Muslim Immigrant: Don’t let terrorists define American values

The events in Paris and San Bernardi­no were outra­geous. There is no way to predict when or where the next atrocity will occur. My first reac­tion was to bomb the Islamic State into oblivi­on, cut off their money supply and destroy their leadership. I sounded like some of our Republican presidential candidates who serve up promises of instant gratification to a frustrated electorate.

I, too, want swift justice and an end to this sense­less savagery. The ex­treme acts of violence committed by the Islamic State, such as beheadings, intentionally and rightful­ly provoke our most vis­ceral instincts. I believe we should be doing all of the above. Yet, I know the evil we face is multifacet­ed and will require long­term, broad-spectrum approaches to extinguish it.

We already have seen how knee-jerk reactions can backfire. Although the world is a better place without Saddam Hussein, dismantling the infra­structure and government of Iraq and then carrying out a poorly conceived post-invasion plan sup­plied the Islamic State with a workforce of young Iraqi soldiers seeking leadership, according to Richard Clarke, our na­tion’s counterterrorism expert under Presidents Bill Clinton and George W. Bush.

I write this as a Muslim immigrant from Iran who came to Fresno in 1978. I became a U.S citizen in 1992 by choice. This is my home and my coun­try. I see myself as an American, who like many, adopted the religion of his parents. I don’t see my religion as defining the person I am, but rath­er, as my spiritual guid­ance system and connec­tion to God.

My goal is to help my fellow Americans dis­tinguish between Islam and the misguided creed that fuels the Islamic State. I know there is much confusion about Islam. I would also like to suggest ways to defeat terrorism and forge stabil­ity in the Middle East.


Let’s start with this: The apocalyptic belief system of the Islamic State is directly linked with Wahhabism, a cult that has hijacked the religion of Islam. Islamic scholars worldwide agree that the Islamic State has nothing to do with Islam, and refute the religious arguments used to justify their ghastly actions.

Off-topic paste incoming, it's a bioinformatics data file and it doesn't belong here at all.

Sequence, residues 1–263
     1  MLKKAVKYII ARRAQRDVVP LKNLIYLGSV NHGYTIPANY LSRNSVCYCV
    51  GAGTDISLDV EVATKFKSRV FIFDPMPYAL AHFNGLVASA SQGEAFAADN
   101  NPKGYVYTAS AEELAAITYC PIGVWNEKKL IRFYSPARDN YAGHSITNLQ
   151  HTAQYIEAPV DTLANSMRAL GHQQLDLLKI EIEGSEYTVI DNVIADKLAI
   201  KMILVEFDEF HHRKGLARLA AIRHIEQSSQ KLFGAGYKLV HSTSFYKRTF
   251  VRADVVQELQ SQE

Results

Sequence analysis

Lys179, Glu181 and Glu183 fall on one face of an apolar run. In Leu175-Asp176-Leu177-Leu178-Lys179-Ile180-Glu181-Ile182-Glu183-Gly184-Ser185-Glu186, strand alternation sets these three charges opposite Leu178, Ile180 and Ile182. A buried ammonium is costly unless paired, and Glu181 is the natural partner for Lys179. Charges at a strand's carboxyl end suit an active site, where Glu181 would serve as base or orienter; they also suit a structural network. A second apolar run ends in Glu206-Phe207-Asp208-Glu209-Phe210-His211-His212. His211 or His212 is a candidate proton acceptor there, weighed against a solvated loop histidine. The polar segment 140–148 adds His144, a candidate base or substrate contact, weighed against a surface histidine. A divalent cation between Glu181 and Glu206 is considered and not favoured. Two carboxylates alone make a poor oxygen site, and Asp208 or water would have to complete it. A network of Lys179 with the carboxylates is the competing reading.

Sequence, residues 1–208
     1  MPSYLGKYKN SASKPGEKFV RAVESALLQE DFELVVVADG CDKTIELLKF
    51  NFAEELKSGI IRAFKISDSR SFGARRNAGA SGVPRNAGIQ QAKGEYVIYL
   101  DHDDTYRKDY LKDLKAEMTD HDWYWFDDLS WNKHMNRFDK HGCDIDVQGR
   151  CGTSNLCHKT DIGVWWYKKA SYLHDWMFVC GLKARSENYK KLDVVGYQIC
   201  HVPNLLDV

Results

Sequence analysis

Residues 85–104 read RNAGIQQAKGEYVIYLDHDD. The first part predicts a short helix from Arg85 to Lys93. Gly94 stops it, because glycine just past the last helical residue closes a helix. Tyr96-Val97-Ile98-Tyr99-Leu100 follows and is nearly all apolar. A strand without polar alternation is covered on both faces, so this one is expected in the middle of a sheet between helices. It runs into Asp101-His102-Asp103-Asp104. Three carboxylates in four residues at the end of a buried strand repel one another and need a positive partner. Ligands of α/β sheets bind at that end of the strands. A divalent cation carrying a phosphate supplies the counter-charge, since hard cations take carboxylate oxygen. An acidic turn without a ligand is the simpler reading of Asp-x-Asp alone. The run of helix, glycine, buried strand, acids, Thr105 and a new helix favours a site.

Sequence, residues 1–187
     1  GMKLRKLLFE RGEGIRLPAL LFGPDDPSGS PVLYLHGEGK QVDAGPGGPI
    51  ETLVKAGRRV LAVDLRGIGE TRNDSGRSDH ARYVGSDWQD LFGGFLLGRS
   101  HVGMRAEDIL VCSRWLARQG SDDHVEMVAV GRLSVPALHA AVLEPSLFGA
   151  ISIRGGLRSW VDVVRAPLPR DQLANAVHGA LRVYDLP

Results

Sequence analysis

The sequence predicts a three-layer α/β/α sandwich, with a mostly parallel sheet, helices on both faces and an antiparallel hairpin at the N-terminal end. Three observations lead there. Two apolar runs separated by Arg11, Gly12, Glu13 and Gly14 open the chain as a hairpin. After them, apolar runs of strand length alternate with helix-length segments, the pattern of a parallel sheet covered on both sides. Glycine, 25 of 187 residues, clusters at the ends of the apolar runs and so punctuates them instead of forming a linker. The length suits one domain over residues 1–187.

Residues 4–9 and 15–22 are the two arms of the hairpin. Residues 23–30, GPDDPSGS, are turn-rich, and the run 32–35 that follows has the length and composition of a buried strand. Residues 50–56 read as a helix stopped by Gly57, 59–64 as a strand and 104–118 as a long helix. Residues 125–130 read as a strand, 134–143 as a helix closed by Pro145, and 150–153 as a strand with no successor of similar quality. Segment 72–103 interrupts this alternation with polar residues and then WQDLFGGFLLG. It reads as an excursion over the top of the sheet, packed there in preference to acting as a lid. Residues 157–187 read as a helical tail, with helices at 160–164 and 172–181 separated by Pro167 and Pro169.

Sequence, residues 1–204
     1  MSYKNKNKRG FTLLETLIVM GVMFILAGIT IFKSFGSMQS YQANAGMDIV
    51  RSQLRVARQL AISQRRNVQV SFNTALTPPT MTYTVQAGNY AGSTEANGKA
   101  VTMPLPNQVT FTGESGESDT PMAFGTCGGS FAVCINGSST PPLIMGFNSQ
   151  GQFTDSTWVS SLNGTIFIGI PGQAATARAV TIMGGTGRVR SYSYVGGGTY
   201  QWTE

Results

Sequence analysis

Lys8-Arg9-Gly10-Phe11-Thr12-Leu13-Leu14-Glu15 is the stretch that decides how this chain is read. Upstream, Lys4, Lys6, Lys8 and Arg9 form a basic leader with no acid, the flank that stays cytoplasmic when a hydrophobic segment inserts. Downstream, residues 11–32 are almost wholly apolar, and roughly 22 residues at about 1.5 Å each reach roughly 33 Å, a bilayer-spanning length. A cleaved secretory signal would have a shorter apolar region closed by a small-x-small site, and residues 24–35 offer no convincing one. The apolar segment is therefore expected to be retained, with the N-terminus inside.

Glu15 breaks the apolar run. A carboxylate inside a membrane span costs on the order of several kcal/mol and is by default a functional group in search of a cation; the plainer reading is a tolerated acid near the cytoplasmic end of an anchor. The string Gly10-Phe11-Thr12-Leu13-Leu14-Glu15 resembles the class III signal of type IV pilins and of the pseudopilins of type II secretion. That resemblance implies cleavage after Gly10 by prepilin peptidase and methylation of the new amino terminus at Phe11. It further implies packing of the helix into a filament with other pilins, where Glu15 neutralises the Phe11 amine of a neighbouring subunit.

The vast majority of terrorists in the Middle East, Africa, Europe and North America subscribe to the ideologies of Wah­habism – funded and most active in Saudi Ara­bia, a close ally of the United States.

Founded in the 18th century in Arabia by Mu­hammad ibn Abd al-wah­hab, Wahhabism spreads hatred of western values and modernization, and calls for the purging of Jews, Christians and non­Wahhabi Muslims. Just as we would never link the Ku Klux Klan with Chris­tianity, Wahhabism is not Islam. In fact, I am con­sidered to be an infidel by Wahhabis.

As one of the three Abrahamic traditions (Christianity, Judaism and Islam), Islam proclaims the value of all human lives. Murder is not sup­ported by Islam. On the contrary, any murder is seen as equivalent to killing the whole of humanity. Islam is a religion that not only stands on the concept of peace and justice, but also on the idea that every Muslim ought to live in a state of balance.

While we mistakenly declare war on Islam, Muslim refugees and mosques, and alienate Muslims in the United States, Wahhabism is expanding. Today, Wah­habi schools (madrassas) and mosques worldwide, from Islamabad to our own backyard in Culver City in Southern Cali­fornia, are funded by Saudi-Wahhabis. To read more about this violent cult, see Ambassador Curtin Winsor Jr.’s essay.


Genuine solutions will be challenging, costly and will require long-term resolve. There are no shortcuts to lasting change in the Middle East. It cannot be ac­complished single-hand­edly by any nation. Multi-faceted, geo-global part­nerships are critical for striking at the heart of the Islamic State, and stabiliz­ing the region.

A coalition of nations, including the European Union, allies in the Mid­dle East, Iran and Russia, must pressure the Saudi government to stop fund­ing Wahhabi schools and mosques in the U.S. and across the world. A strong coalition could collab­orate to remove the lead­ership of the Islamic State, cutting off its pet­roleum-based money supply and putting boots on the ground to develop a safe zone in Syria. The negotiated removal of Assad from power, while leaving the government infrastructure in place, is key. Iraq and Syria must be rebuilt, as Germany and Japan were rebuilt after World War II.